New Salt Lake City School District Superintendent Elizabeth Grant is set to have a higher salary than each of the district’s last two recent superintendents.
According to Grant’s two-year contract, obtained by The Salt Lake Tribune through an open records request, she will receive an annual salary of $255,000 a year. That sum will increase each year based on cost-of-living adjustments “and any other negotiated increase received by other administrators,” the contract said.
Grant signed the contract, which runs from July 1, 2023, to June 30, 2025, at a brief school board meeting Thursday. Her salary and contract terms were not disclosed then.
Compared to Timothy Gadson’s 2021 contract and Lexi Cunningham’s 2018 contract — both also obtained through requests under the Government Records Access and Management Act — Grant’s salary is tens of thousands of dollars higher.
Cunningham, who was hired in 2016, was being paid a salary of $202,044 a year under her 2018 contract, with cost-of-living adjustments per year, according to the document.
Gadson was receiving $220,000 a year. Gadson’s contract additionally mentioned over $21,000 in relocation expenses, including additional money for storage and other relocation costs.
“In looking at comparable positions along the Wasatch Front, the salary [for Grant] is competitive and in line with said comparables,” said district spokesperson Yándary Chatwin in an email.
Grant has most recently been an associate professor of education in the Graduate School of Education at George Washington University.
Currently, interim superintendent Martin Bates is earning a similar salary to Gadson’s, $220,000 a year or $18,333 per month — while Gadson continues to earn his own salary, as well, despite his resignation as of Oct. 1.
Under the separation agreement reached by Gadson and the school board, Gadson is being paid $18,251 a month by the district through June 2023 as a consultant to the board, regardless of whether members use his services. And according to Chatwin, the district has not requested any consulting services from him.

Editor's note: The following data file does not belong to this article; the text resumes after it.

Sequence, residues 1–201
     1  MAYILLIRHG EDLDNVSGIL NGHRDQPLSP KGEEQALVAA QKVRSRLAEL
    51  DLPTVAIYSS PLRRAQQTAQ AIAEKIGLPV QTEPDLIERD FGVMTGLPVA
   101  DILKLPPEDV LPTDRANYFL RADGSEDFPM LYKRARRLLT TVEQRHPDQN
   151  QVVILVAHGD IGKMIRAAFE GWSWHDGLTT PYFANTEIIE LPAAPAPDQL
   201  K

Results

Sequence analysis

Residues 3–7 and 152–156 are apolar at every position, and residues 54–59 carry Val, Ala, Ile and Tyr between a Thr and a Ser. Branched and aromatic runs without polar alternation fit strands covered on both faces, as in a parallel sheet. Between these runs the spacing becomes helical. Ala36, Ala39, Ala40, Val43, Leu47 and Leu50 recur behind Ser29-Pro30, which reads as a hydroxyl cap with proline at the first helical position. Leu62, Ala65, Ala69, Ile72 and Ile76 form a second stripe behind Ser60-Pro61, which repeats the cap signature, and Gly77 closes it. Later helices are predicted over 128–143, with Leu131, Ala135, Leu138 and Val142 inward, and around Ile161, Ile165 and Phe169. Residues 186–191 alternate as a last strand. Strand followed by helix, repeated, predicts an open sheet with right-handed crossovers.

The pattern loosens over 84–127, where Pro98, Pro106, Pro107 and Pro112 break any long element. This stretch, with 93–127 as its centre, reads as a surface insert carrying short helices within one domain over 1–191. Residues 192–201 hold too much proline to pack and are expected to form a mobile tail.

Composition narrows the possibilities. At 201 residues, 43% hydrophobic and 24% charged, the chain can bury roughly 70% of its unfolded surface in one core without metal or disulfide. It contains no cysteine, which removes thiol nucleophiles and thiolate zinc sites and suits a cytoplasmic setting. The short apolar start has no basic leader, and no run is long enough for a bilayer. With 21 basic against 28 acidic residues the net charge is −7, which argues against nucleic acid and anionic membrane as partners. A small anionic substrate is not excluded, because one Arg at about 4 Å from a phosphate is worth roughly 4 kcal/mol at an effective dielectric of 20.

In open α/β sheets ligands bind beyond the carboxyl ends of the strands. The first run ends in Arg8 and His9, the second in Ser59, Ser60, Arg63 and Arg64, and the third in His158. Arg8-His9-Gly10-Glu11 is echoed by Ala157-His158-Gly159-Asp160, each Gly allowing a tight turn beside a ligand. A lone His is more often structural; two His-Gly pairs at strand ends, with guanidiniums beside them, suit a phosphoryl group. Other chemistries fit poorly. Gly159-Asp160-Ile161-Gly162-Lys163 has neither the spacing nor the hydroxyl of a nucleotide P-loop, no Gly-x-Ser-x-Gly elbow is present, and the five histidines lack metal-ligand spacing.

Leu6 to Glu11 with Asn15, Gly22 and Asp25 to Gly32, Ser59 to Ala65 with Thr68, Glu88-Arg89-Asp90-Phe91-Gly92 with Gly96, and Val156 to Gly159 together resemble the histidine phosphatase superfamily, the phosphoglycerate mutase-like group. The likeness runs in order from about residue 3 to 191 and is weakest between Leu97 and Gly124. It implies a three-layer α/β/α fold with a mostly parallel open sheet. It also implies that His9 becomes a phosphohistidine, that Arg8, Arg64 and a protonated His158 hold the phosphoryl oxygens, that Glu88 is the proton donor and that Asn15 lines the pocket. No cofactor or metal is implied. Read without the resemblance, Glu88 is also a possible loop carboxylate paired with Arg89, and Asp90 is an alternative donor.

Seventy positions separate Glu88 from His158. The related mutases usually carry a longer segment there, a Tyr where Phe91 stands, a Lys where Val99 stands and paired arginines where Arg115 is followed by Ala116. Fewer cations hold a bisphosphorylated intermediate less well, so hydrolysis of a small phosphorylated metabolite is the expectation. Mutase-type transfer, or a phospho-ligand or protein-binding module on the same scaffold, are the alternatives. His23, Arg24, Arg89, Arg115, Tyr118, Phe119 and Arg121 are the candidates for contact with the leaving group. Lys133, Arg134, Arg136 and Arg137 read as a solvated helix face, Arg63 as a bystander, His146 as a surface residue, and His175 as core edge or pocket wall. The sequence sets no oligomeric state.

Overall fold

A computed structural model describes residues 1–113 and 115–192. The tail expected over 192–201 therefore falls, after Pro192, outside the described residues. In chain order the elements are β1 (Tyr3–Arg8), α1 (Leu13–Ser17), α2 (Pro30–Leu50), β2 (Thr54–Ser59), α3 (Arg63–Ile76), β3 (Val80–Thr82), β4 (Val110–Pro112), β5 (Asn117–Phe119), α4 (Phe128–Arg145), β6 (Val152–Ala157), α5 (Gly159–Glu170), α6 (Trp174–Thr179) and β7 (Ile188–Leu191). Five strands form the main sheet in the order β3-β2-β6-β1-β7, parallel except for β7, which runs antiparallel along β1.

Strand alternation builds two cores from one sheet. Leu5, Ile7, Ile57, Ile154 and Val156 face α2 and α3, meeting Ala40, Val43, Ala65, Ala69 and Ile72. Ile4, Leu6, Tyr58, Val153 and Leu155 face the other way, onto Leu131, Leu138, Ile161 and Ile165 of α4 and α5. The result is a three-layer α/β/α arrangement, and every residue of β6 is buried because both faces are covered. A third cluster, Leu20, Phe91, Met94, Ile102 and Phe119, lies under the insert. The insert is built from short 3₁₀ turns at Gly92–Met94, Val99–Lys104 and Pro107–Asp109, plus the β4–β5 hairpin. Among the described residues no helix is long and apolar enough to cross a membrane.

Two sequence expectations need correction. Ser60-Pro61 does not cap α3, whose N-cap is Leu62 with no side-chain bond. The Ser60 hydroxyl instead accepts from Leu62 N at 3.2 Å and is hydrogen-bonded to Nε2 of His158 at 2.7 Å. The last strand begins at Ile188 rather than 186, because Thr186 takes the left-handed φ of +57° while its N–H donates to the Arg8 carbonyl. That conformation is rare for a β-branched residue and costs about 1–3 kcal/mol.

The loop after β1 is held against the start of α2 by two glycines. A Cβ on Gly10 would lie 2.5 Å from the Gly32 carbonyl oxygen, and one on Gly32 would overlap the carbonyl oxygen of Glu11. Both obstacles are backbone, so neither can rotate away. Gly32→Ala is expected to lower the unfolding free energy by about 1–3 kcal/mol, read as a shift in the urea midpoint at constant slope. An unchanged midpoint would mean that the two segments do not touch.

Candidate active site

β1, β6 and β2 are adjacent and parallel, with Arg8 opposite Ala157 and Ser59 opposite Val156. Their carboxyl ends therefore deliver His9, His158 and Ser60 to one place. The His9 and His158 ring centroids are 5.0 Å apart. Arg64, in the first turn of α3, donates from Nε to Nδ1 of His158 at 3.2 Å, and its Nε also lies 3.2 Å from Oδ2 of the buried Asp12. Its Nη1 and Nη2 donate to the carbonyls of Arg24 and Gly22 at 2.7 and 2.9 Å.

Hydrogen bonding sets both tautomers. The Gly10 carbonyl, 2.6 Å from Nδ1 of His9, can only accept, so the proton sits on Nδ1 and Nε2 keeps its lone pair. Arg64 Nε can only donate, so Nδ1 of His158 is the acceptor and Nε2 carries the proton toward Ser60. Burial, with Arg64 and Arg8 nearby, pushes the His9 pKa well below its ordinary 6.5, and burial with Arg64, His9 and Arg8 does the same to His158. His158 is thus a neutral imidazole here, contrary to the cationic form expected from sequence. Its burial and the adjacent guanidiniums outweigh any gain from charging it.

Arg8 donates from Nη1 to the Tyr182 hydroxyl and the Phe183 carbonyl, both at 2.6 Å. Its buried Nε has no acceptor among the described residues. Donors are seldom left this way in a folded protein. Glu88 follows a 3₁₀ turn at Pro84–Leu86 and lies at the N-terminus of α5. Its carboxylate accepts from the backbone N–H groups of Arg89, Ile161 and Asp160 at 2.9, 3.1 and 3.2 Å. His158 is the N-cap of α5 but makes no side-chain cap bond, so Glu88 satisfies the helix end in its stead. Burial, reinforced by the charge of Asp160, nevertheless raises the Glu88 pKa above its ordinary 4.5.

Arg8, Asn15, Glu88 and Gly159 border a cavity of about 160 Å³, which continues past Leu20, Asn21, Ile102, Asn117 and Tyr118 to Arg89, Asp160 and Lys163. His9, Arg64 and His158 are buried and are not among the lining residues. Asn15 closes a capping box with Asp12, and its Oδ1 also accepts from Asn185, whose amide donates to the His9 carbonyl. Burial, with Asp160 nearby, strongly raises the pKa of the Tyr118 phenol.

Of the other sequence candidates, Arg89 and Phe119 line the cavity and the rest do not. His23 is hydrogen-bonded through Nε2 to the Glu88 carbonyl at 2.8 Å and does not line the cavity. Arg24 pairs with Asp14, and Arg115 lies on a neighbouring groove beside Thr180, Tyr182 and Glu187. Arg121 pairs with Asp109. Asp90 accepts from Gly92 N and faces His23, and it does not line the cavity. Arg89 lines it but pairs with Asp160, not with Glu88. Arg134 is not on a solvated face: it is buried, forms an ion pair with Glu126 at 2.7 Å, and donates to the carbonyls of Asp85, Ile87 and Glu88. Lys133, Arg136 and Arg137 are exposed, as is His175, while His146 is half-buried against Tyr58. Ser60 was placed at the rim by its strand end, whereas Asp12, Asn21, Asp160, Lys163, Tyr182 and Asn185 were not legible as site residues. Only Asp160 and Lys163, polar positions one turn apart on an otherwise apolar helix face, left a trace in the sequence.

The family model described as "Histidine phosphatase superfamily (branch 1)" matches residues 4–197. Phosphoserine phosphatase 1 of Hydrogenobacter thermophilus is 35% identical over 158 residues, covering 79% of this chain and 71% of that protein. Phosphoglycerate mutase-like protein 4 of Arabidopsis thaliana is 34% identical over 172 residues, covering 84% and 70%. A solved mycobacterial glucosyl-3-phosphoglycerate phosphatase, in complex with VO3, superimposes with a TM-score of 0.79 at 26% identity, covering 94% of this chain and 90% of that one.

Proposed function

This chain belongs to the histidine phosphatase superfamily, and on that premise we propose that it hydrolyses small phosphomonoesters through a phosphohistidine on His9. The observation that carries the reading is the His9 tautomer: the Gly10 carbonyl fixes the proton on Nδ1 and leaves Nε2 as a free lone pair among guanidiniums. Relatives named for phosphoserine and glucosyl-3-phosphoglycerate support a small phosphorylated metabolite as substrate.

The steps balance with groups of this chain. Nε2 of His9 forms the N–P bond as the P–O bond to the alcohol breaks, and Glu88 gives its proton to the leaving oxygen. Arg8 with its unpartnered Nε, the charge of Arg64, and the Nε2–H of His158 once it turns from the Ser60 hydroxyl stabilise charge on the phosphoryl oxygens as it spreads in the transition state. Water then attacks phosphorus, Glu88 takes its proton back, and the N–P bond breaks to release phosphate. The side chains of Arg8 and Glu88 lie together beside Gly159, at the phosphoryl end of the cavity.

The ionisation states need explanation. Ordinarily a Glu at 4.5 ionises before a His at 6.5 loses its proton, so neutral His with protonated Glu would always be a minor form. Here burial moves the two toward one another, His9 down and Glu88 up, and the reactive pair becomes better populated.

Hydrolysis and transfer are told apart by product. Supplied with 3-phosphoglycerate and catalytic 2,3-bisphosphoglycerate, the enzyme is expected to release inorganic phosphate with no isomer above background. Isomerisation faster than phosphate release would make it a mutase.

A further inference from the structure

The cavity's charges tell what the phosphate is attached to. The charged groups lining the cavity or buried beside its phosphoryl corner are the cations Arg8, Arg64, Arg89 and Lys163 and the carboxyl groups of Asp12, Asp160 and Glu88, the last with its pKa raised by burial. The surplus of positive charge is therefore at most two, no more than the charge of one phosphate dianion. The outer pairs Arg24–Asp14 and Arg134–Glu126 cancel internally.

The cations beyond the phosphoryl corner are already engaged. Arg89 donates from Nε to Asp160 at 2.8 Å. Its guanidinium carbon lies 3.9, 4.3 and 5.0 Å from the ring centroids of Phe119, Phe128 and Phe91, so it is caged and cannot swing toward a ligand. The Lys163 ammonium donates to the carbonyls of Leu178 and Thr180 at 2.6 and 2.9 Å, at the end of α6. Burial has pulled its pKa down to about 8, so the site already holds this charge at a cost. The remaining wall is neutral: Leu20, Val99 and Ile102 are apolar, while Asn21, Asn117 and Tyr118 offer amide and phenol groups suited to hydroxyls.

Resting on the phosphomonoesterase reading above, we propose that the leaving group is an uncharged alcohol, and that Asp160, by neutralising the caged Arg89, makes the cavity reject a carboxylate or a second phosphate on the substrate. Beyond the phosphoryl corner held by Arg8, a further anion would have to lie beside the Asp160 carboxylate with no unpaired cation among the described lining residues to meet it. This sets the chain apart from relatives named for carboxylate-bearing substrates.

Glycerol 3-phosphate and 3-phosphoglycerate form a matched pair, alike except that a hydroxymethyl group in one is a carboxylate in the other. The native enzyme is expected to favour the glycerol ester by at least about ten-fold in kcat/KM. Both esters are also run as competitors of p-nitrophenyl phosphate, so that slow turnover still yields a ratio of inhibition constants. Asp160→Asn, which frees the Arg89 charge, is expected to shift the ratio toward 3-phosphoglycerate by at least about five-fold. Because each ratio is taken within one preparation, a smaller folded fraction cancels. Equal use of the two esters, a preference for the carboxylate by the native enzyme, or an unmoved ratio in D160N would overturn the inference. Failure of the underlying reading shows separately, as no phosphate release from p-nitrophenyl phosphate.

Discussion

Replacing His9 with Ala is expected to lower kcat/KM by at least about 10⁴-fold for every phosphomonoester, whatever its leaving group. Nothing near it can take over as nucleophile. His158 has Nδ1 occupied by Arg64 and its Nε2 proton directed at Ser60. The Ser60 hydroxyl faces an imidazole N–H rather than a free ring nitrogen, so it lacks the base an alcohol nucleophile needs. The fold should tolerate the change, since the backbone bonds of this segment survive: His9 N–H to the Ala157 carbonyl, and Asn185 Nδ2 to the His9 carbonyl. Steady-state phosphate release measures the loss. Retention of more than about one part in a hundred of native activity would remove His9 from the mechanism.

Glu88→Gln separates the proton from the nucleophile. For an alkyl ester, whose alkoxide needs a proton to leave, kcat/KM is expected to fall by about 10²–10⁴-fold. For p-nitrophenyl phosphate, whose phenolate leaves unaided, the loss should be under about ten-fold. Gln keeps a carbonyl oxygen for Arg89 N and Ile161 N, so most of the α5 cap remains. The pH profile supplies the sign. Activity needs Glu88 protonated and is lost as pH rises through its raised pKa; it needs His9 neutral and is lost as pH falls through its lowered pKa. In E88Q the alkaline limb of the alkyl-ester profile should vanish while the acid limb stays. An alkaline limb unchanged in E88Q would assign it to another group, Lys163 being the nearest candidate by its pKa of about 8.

As for benefits, all three were offered 20 days of vacation along with five personal leave days. Furthermore, Grant — similar to Gadson and Cunningham — will get the same health and insurance benefits as other 12-month administrators in the district.
One difference was additional language in Grant’s contract regarding the incoming superintendent’s “outside activities.”
Along with language regarding allowing her to “serve as a consultant to other districts or educational agencies, lecture, and engage in other activities of a short-term duration at her discretion,” the clause adds that these outside activities “must not detract from the faithful completion of her work and duties on behalf of the District.”
Former superintendent Gadson was questioned about a trip he took to Grand Canyon University, a private, for-profit Christian university where he had previously taught before joining the Salt Lake City district.
But Chatwin said the additional language in Grant’s contract was not inserted because of any specific reason, and said it was “due to the different styles of the drafting attorney for each respective contract.”